Gush Etzion Junction

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Gush Etzion Junction ("Tzomet HaGush") also known as Gush Junction is a 120-dunam (0.12 km2; 0.046 sq mi) business, commercial and tourism center in the southern West Bank, which serves as the entry point to the Gush Etzion bloc of settlements. It is administered by the Gush Etzion Regional Council.

Long known as a "congenial meeting spot for Israelis and Palestinians," in the fall of 2015 the junction was the site of 10 attacks by Palestinians against Israelis.[1][2]


Gush Etzion Junction is located in the northern Judean Hills at about 950 m above sea level. The junction is a 25-meter (82 ft) diameter roundabout (traffic circle) at the intersection of Route 60 and Route 367. Nearby communities include Efrat, Elazar, Alon Shvut, Kfar Etzion, Migdal Oz and Beit Fajjar. It is a 15-minute drive to the southern Jerusalem neighborhood of Gilo[3] and approximately 70 minutes' drive to Tel Aviv.


Adjacent to the junction on the northwest are a plant nursery, a shop selling snacks, cigarettes and lottery tickets and The Gush Etzion Winery and its mehadrin dairy/fish restaurant, BaYekev.[4][5]

On the southwest are a gas station,[6] an automotive repair shop, an electronics store, a Judaica center[3] and a Rami Levy discount supermarket.[7] Attached to the supermarket is a hamburger joint, a pizzeria and a discount clothing store, all part of the Rami Levi group. In 2015 a competing chain of supermarkets, Shufersal opened a store.[1]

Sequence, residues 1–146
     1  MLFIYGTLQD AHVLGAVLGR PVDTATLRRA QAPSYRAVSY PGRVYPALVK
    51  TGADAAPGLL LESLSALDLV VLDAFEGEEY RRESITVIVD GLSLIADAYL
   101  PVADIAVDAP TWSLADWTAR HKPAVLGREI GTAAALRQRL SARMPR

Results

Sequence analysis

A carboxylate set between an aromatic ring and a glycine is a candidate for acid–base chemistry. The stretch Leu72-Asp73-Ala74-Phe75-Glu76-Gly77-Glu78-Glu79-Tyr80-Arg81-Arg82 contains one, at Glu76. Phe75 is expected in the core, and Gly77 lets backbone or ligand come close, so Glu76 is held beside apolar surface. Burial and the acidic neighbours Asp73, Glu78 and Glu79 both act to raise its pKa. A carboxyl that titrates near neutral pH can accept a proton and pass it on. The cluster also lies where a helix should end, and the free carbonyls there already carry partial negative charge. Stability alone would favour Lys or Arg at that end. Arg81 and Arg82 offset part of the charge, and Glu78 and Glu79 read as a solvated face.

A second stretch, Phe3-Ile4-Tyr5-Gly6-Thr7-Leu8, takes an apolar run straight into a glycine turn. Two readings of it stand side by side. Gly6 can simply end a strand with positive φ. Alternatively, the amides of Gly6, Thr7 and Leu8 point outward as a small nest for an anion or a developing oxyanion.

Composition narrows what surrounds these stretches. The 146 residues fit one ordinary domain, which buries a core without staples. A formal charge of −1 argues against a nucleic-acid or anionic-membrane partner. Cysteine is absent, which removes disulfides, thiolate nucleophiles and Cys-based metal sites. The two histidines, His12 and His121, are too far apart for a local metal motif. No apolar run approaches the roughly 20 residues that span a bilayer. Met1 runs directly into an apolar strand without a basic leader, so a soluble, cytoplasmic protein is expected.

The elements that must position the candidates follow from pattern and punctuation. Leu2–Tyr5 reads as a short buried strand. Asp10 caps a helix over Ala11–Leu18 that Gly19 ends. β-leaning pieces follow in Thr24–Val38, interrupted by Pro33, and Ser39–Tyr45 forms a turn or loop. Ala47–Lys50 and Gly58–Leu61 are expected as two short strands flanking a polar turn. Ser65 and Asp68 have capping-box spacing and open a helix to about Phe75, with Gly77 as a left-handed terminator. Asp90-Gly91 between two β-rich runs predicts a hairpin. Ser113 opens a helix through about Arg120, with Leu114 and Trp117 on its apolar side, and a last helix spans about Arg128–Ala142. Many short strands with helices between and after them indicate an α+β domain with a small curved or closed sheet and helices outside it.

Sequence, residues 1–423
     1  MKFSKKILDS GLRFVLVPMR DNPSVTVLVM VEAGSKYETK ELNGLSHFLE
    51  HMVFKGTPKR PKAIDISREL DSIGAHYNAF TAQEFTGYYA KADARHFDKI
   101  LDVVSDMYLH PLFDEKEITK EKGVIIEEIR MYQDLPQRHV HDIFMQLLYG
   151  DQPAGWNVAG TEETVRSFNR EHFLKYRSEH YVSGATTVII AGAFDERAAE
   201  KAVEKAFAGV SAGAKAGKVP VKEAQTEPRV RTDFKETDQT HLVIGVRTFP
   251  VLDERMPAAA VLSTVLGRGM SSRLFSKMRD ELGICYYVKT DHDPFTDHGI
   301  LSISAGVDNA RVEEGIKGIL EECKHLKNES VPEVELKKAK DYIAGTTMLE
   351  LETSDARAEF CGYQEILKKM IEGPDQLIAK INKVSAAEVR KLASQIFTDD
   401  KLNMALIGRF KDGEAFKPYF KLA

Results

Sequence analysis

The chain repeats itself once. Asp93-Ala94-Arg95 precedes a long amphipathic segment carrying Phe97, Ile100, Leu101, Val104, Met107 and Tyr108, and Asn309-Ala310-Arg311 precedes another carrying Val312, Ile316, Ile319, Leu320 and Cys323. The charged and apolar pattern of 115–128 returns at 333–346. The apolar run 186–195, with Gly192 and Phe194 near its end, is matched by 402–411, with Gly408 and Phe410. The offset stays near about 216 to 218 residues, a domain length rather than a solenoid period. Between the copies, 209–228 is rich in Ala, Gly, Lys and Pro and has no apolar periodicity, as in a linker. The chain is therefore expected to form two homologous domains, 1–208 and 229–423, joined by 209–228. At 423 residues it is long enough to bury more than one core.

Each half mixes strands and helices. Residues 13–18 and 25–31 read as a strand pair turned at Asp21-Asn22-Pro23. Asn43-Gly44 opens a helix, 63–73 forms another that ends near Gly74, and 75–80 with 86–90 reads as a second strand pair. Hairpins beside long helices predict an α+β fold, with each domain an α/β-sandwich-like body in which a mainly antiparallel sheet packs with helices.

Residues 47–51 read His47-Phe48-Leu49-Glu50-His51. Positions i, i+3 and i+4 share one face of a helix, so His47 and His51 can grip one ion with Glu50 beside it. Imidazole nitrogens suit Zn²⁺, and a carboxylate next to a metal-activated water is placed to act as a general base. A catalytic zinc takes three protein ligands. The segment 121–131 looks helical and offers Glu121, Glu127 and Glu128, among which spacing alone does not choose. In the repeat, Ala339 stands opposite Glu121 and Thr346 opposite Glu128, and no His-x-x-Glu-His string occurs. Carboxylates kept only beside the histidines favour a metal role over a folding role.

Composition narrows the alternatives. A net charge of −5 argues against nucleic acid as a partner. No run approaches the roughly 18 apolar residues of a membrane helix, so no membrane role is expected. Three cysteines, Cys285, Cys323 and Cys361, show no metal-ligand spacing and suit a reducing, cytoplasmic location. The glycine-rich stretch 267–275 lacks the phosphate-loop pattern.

As of 2007, Rami Levi had begun construction of a two-story shopping mall as an extension to the south side of the supermarket and above it.[8]

A visitors' center is located 4 kilometres (2.5 mi) to the west in Kibbutz Kfar Etzion[6] as is the mehadrin dairy/fish restaurant, Gavna.[9]

Terrorist attacks

The hitchhiking post at the junction has frequently been the site of attacks by Palestinians against Israeli citizens, many of which were foiled by alert Israelis.[2]

Foiled and failed attacks

  • March 2006: A Palestinian man who arouses suspicion at the hitchhikers' post is found to be armed with a knife and arrested.[10]
  • November 2010: A Palestinian man attempts to stab Israeli civilians at the junction and is arrested by the IDF.[11]
  • January 2011: Shots are fired in the area; there are no injuries.[12]
  • October 2015: A Palestinian man tried to ram into Israelis waiting at a bus stop but hit the concrete blocks placed there to stop such attacks. A 20-year-old IDF soldier and a 21-year-old Israeli civilian were lightly wounded. He exited his car with a knife drawn and tried to stab his victims and was shot and killed.[13]
  • March 2016 On March 15, 2016, an Arab woman described by authorities as a terrorist was injured after she drove her car to attack a bus shelter, but lost control as IDF soldiers shot into her car, and crashed into bollard poles protecting the bus stop before she could hurt anyone. She was immediately apprehended and taken to hosiital for treatment of her injuries.[14][15]


  • October 2005: Three killed, three injured in a shooting attack at the junction.[16][17]
  • January 2006: A Palestinian man stabs an Israeli man and girl; the attacker is shot and injured by an off-duty police officer.[17]